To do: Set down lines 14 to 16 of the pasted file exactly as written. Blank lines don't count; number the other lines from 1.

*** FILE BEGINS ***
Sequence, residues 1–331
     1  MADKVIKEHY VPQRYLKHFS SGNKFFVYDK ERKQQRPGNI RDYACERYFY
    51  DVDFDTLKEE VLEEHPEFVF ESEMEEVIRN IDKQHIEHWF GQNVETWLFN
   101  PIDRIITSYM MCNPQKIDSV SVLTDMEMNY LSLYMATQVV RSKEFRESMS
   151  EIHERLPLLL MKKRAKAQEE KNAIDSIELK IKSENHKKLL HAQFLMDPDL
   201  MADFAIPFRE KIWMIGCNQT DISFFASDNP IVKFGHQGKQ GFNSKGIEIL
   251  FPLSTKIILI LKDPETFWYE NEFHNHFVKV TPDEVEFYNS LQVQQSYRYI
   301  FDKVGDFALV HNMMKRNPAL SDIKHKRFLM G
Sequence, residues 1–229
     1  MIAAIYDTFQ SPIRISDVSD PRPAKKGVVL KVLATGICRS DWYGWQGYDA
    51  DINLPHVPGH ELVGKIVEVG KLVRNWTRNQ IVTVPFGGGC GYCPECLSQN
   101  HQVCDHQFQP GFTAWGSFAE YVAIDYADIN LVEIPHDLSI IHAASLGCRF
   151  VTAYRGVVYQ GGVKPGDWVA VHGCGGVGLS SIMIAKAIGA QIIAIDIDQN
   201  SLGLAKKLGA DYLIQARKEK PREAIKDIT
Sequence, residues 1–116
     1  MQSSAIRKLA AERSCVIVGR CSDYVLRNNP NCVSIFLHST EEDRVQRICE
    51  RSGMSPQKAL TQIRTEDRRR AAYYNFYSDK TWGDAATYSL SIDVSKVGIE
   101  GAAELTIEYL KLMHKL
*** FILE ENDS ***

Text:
   201  SLGLAKKLGA DYLIQARKEK PREAIKDIT
Sequence, residues 1–116
     1  MQSSAIRKLA AERSCVIVGR CSDYVLRNNP NCVSIFLHST EEDRVQRICE